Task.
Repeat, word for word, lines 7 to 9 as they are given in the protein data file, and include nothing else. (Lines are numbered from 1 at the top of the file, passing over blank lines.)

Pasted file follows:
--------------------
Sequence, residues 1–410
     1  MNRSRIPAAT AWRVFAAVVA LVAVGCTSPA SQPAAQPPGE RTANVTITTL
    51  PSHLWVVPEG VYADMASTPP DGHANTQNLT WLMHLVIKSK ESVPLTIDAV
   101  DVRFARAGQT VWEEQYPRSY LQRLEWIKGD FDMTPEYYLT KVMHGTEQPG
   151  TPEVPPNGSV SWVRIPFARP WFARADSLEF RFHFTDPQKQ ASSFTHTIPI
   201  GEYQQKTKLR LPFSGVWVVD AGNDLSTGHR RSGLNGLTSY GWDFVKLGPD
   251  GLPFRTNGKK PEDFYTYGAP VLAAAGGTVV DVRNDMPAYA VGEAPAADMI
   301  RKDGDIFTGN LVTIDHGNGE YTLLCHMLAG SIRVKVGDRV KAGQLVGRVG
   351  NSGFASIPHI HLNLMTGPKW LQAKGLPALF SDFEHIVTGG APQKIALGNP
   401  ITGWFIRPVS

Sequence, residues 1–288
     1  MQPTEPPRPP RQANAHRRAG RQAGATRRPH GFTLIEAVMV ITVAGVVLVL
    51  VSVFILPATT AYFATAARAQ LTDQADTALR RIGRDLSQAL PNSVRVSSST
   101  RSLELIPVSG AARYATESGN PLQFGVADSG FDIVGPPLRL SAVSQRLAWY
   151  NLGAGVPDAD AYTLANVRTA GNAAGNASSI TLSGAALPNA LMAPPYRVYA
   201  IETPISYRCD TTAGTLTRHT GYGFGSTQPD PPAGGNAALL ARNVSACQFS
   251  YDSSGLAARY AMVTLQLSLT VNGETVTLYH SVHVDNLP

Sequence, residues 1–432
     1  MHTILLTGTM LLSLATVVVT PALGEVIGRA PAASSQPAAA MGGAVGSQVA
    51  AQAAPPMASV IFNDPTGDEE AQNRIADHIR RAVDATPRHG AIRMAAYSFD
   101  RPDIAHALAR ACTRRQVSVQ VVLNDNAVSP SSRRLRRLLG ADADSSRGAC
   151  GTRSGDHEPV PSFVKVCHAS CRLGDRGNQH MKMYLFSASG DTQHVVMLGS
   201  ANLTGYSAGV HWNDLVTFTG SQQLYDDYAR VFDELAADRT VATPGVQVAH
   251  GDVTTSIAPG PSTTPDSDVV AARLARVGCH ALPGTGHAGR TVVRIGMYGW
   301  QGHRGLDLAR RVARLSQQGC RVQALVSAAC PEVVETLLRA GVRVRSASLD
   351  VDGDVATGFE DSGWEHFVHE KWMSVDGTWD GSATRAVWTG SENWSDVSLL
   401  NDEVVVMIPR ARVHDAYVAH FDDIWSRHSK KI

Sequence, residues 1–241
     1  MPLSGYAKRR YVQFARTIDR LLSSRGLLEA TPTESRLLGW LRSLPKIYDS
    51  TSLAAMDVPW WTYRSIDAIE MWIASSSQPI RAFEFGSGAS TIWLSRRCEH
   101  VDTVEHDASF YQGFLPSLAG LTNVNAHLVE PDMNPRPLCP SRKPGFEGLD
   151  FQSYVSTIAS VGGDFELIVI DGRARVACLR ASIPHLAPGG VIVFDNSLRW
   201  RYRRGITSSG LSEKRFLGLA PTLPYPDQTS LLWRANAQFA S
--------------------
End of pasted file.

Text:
   251  GLPFRTNGKK PEDFYTYGAP VLAAAGGTVV DVRNDMPAYA VGEAPAADMI
   301  RKDGDIFTGN LVTIDHGNGE YTLLCHMLAG SIRVKVGDRV KAGQLVGRVG
   351  NSGFASIPHI HLNLMTGPKW LQAKGLPALF SDFEHIVTGG APQKIALGNP